Feeds

Cold-water treatment for Ballmer on Windows Mobile

Coming down's a bitch

The Essential Guide to IT Transformation

If Steve Ballmer loves one group of people more than developers, it's Most Valuable Professionals (MVPs) - except when he's gently threatening them, of course.

No wonder Microsoft's chief executive was willing to play the fool, slapping a Windows Home Server sticker on his forehead on stage during this week's MVP conference, according to Tweets from the event.

It was back down to earth with a bump shortly after, though, as Ballmer was put on the spot during a separate customer conference over the company's painful mobile strategy.

Chris Kemp, chief information officer of NASA's Ames Research Center, broke it down for Ballmer when he asked how he could realistically stand behind Windows Mobile when his employees are bringing iPhones and Androids in to work. Kemp pinned Ballmer down at Microsoft's Public Sector CIO Summit in Redmond, Washington, after the MVP event on Wednesday.

"In your presentation you put Windows Mobile right in the center there, but it was a phone that doesn't work in America and an operating system that you haven't released. I'm wondering what your commitment is to continuing to get newer versions of the operating system in our hands so that we don't have to fight this battle on the ground," Kemp reportedly asked.

Ballmer was forced to concede the up-coming version of Windows Mobile, version 6.5, will fall short of what the company should be delivering in the face of the iPhone and Android.

"We have a significant release coming this year. Not the full release we wanted to have this year, but we have a significant release coming this year with Windows Mobile 6.5," Ballmer replied.

Ballmer was forced into a fallback position, talking of problems as "opportunities".

"There's opportunities for us to accelerate our execution in this area, and we've done a lot of work to really make sure we have a team that's going to be able to accelerate."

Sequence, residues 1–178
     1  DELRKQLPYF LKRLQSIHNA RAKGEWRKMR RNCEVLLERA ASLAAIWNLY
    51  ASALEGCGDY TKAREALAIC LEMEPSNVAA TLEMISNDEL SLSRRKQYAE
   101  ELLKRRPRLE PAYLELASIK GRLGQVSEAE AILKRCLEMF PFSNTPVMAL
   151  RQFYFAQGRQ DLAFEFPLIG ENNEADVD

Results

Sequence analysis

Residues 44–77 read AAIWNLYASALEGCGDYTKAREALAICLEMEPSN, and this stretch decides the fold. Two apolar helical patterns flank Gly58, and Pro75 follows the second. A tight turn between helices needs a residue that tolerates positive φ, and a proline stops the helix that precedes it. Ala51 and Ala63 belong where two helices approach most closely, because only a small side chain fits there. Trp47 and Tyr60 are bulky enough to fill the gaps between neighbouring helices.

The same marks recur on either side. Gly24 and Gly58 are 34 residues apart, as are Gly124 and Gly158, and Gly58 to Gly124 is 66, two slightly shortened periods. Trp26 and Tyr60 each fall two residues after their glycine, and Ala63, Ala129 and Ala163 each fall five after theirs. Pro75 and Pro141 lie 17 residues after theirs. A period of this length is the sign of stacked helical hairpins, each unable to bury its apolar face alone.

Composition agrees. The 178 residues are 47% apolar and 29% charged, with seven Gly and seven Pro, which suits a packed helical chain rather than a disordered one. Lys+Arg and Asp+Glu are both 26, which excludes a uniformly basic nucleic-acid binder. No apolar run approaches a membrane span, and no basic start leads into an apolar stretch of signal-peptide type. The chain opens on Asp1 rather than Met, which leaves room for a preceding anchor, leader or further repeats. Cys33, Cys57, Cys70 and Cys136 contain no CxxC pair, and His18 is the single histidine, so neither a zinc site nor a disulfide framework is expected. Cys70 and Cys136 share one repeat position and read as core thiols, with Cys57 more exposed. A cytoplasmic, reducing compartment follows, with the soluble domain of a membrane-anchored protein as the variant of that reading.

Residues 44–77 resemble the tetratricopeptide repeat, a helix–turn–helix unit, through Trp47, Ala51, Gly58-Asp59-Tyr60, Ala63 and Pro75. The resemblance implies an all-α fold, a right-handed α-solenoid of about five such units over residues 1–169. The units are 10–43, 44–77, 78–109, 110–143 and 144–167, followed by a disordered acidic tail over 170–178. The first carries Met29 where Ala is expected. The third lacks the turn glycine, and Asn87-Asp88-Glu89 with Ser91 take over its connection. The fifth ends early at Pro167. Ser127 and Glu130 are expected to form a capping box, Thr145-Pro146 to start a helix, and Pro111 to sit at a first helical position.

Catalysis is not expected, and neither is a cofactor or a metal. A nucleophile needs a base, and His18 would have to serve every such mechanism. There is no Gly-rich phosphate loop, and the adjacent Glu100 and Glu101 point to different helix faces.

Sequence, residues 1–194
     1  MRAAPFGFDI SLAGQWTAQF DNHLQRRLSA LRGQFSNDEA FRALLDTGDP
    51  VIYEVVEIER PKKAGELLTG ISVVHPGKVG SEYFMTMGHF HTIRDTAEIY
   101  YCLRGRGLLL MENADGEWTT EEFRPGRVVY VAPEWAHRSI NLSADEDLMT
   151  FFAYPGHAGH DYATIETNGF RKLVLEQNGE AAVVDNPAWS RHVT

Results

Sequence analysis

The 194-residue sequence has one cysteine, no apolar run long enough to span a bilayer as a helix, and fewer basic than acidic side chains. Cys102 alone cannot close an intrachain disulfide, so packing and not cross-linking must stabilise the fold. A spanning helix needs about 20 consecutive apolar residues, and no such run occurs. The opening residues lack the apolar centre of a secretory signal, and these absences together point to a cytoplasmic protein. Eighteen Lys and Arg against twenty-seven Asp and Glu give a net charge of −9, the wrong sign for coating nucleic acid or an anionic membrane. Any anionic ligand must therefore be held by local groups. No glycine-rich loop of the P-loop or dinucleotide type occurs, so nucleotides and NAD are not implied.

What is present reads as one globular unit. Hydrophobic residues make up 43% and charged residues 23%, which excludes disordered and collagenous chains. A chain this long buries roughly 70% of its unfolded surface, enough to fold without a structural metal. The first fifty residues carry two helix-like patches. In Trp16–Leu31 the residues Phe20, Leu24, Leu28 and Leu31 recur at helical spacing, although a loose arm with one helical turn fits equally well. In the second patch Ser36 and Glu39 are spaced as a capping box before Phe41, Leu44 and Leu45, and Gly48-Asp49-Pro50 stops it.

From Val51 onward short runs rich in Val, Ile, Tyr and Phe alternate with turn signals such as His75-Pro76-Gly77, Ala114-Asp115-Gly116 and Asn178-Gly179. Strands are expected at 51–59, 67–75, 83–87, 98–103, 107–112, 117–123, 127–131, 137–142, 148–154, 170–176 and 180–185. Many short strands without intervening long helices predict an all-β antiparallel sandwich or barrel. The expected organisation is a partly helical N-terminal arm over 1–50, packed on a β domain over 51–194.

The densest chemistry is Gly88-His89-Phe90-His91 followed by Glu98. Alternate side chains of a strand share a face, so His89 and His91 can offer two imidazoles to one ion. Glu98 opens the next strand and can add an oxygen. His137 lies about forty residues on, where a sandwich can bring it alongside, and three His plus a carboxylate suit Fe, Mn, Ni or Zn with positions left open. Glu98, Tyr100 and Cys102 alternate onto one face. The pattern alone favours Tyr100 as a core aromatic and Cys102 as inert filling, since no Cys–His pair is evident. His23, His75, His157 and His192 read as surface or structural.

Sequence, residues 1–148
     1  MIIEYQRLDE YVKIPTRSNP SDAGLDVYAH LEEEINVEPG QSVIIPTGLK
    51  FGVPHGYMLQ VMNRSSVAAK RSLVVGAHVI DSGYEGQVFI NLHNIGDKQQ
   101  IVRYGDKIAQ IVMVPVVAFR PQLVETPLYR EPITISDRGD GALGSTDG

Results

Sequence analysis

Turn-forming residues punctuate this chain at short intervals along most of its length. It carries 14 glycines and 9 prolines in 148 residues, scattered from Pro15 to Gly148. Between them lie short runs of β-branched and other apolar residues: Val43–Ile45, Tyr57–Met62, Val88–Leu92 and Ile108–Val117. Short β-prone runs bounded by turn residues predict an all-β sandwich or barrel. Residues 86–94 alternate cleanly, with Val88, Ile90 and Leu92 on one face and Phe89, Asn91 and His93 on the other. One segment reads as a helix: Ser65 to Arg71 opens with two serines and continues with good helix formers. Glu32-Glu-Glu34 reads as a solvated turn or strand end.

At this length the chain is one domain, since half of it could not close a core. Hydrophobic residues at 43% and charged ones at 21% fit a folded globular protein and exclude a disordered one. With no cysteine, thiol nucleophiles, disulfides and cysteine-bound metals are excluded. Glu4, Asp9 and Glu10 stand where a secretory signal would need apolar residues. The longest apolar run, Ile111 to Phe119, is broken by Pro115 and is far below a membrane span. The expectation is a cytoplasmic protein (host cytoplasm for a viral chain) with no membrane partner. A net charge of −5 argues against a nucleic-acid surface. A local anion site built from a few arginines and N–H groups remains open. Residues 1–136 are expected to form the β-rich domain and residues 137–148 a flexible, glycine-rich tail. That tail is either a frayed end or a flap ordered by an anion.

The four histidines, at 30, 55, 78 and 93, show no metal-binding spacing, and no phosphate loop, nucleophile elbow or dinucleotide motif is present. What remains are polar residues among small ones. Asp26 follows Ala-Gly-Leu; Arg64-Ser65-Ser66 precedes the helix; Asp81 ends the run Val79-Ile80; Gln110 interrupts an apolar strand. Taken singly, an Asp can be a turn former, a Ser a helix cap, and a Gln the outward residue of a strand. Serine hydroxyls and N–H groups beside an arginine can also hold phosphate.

Scrambling further, Ballmer fell back on how Windows Mobile devices outsold the iPhone last year. While this is correct, it's worth noting the iPhone only began full international availability midway through last year so it's not surprising Windows Mobile out shipped the iPhone. ®

Boost IT visibility and business value

More from The Register

next story
Scotland's BIG question: Will independence cost me my broadband?
They can take our lives, but they'll never take our SPECTRUM
Trying to sell your house? It'd better have KILLER mobile coverage
More NB than transport links to next-gen buyers - study
iWallet: No BONKING PLEASE, we're Apple
BLE-ding iPhones, not NFC bonkers, will drive trend - marketeers
Auntie remains MYSTIFIED by that weekend BBC iPlayer and website outage
Still doing 'forensics' on the caching layer – Beeb digi wonk
Speak your brains on SIGNAL-FREE mobile comms firm here
Is goTenna tech a goer? Time to grill CEO, CTO
NBN Co adds apartments to FTTP rollout
Commercial trial locations to go live in September
prev story

Whitepapers

Implementing global e-invoicing with guaranteed legal certainty
Explaining the role local tax compliance plays in successful supply chain management and e-business and how leading global brands are addressing this.
Consolidation: The Foundation for IT Business Transformation
In this whitepaper learn how effective consolidation of IT and business resources can enable multiple, meaningful business benefits.
Backing up Big Data
Solving backup challenges and “protect everything from everywhere,” as we move into the era of big data management and the adoption of BYOD.
Boost IT visibility and business value
How building a great service catalog relieves pressure points and demonstrates the value of IT service management.
Why and how to choose the right cloud vendor
The benefits of cloud-based storage in your processes. Eliminate onsite, disk-based backup and archiving in favor of cloud-based data protection.